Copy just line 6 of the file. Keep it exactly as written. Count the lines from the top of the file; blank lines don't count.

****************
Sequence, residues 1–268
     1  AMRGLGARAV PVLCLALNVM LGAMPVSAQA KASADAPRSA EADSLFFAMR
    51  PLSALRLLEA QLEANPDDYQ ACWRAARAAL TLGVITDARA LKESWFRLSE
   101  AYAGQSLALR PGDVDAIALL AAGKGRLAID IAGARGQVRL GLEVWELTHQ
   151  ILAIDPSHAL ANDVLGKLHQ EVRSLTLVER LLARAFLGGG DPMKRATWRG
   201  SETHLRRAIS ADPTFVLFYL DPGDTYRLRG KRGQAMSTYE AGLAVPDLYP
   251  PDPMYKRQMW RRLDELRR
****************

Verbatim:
   201  SETHLRRAIS ADPTFVLFYL DPGDTYRLRG KRGQAMSTYE AGLAVPDLYP